The main two types of mentoring are natural mentoring and planned mentoring. There are many different ways to describe mentoring, but they all boil down to one thing: a positive, supportive relationship between a young person and a caring adult. Big Brothers Big Sisters of America was started over ninety years ago. Big Brothers Big Sisters of America (BBBSA) agencies have provided supportive, one-to-one relationships between adult volunteers and youth living in single-parent homes. National studies are showing that participation in BBBS programs reduce illegal drug and alcohol use, improved academic performance, behavior and attitudes, and improved peer and family relationships (P/PV, 1995a. par. 28). "Compeer" means a companion who is also a peer or equal (Bordenkircher, p. 2). Loneliness, failure, fear and loss of self-esteem are universal experiences of those who suffer from mental illnesses (Bordenkircher, p. 6). A caring friend can help to restore some joy and hope to a life that is often empty of both. An evaluation (Cave and Quint 1990) found participants in various mentoring programs had higher levels of college enrollment. Both programs also have community-based mentors that meet with their mentees on evenings and weekends at various locations, including the mentor's home. It is concluded that positive effects are much more likely when one-on-one mentoring has been strongly implemented. Our society shows positive results when we give our adult talents or compassion as a mentor and shows a promising future for our youth.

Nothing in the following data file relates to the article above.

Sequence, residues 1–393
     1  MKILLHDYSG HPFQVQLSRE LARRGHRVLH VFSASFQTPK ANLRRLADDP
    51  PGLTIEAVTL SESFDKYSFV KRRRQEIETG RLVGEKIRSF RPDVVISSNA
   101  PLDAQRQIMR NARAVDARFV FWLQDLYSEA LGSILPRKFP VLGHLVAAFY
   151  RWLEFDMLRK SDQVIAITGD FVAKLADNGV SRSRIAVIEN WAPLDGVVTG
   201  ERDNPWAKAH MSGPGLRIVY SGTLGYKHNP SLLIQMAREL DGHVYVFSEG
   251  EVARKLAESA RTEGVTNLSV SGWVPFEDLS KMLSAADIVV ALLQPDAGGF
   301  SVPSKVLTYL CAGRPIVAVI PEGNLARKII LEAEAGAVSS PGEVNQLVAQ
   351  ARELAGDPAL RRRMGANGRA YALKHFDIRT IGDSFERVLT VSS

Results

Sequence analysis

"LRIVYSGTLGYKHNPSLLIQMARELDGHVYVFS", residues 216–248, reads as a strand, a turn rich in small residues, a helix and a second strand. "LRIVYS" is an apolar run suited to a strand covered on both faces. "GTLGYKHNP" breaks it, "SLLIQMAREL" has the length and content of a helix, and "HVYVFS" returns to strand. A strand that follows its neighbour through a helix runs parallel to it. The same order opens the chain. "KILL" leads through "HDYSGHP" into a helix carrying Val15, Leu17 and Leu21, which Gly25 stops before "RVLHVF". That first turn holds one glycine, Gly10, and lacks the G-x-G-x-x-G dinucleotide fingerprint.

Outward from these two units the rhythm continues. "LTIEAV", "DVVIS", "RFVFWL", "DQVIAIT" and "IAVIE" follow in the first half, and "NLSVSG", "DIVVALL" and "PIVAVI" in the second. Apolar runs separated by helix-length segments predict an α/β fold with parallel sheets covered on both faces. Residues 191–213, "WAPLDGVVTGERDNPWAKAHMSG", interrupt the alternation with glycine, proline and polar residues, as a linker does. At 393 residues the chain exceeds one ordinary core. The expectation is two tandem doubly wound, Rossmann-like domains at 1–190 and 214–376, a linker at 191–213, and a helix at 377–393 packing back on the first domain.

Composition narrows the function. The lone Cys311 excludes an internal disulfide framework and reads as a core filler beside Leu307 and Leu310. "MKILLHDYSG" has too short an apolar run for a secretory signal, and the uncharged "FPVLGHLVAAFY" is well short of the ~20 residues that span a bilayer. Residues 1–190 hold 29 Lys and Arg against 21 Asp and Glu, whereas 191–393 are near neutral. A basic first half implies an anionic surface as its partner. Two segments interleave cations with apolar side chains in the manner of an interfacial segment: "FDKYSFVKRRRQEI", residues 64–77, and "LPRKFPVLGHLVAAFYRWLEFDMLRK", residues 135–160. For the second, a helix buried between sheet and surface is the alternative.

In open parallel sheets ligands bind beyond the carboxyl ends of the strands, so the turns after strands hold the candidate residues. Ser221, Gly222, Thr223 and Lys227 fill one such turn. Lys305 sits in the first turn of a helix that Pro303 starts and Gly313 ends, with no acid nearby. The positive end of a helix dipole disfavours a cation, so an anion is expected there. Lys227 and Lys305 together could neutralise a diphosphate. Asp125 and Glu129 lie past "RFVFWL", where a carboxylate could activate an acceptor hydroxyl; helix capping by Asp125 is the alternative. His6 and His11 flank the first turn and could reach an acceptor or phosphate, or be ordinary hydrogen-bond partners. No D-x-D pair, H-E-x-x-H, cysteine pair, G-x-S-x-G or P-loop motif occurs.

Mentoring is a word we hear all the time. Professional athletics refer to coaches who mentored them in high school and college. Successful business people thank the supervisors who served as mentors when they started out in their field. Some people even refer to celebrities as the role models who made a difference in their lives. The Merriam- Webster dictionary defines mentor as a trusted counselor or guide (1993, p....
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